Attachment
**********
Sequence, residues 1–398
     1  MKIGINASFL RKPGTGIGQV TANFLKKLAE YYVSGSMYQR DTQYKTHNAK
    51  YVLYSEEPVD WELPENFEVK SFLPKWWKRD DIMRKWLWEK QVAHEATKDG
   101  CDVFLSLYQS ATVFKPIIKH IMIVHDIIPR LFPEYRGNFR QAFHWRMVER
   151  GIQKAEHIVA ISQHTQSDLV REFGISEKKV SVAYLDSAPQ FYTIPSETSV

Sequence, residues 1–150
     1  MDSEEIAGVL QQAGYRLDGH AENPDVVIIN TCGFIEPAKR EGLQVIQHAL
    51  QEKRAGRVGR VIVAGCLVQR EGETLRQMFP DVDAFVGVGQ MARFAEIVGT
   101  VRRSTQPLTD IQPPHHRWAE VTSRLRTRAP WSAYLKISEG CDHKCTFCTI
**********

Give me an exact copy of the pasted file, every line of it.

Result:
Sequence, residues 1–398
     1  MKIGINASFL RKPGTGIGQV TANFLKKLAE YYVSGSMYQR DTQYKTHNAK
    51  YVLYSEEPVD WELPENFEVK SFLPKWWKRD DIMRKWLWEK QVAHEATKDG
   101  CDVFLSLYQS ATVFKPIIKH IMIVHDIIPR LFPEYRGNFR QAFHWRMVER
   151  GIQKAEHIVA ISQHTQSDLV REFGISEKKV SVAYLDSAPQ FYTIPSETSV

Sequence, residues 1–150
     1  MDSEEIAGVL QQAGYRLDGH AENPDVVIIN TCGFIEPAKR EGLQVIQHAL
    51  QEKRAGRVGR VIVAGCLVQR EGETLRQMFP DVDAFVGVGQ MARFAEIVGT
   101  VRRSTQPLTD IQPPHHRWAE VTSRLRTRAP WSAYLKISEG CDHKCTFCTI